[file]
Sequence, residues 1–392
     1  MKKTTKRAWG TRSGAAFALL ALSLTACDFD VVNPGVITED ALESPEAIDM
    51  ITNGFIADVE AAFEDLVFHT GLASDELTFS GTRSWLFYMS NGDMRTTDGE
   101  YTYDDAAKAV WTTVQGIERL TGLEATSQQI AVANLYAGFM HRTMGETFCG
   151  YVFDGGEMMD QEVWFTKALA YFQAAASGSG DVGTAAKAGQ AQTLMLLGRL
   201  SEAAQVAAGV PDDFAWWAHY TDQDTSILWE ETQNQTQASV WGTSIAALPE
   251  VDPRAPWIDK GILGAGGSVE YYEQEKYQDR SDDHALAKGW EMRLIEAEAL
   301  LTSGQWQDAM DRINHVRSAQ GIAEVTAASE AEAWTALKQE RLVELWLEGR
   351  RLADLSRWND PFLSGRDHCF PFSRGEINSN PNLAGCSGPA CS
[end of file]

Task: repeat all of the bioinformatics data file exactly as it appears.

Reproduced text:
Sequence, residues 1–392
     1  MKKTTKRAWG TRSGAAFALL ALSLTACDFD VVNPGVITED ALESPEAIDM
    51  ITNGFIADVE AAFEDLVFHT GLASDELTFS GTRSWLFYMS NGDMRTTDGE
   101  YTYDDAAKAV WTTVQGIERL TGLEATSQQI AVANLYAGFM HRTMGETFCG
   151  YVFDGGEMMD QEVWFTKALA YFQAAASGSG DVGTAAKAGQ AQTLMLLGRL
   201  SEAAQVAAGV PDDFAWWAHY TDQDTSILWE ETQNQTQASV WGTSIAALPE
   251  VDPRAPWIDK GILGAGGSVE YYEQEKYQDR SDDHALAKGW EMRLIEAEAL
   301  LTSGQWQDAM DRINHVRSAQ GIAEVTAASE AEAWTALKQE RLVELWLEGR
   351  RLADLSRWND PFLSGRDHCF PFSRGEINSN PNLAGCSGPA CS